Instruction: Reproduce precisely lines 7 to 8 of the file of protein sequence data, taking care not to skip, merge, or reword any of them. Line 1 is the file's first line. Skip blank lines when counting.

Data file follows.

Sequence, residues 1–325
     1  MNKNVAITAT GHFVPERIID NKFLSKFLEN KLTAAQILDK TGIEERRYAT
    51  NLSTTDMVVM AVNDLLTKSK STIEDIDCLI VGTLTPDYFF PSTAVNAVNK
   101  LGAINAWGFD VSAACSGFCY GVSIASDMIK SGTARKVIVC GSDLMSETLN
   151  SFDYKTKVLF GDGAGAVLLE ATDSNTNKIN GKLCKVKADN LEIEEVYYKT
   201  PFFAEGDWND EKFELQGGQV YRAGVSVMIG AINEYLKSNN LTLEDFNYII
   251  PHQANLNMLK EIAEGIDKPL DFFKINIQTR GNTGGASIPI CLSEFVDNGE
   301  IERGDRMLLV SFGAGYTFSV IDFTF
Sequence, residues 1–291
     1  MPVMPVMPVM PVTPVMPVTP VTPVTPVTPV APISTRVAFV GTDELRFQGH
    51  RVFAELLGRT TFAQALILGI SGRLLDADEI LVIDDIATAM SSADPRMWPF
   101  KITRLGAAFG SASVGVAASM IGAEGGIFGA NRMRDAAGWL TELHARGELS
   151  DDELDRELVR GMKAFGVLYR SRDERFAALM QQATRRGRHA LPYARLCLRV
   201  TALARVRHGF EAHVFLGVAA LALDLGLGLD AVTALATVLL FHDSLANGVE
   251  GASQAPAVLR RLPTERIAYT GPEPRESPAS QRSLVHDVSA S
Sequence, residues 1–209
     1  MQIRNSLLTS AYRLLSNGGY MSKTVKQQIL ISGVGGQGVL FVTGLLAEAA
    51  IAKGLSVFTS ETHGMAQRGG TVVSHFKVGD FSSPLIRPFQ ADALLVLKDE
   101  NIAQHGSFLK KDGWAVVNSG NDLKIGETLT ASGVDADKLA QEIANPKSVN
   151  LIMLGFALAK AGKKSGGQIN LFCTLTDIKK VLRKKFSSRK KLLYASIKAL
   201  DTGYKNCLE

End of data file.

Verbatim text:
   251  PHQANLNMLK EIAEGIDKPL DFFKINIQTR GNTGGASIPI CLSEFVDNGE
   301  IERGDRMLLV SFGAGYTFSV IDFTF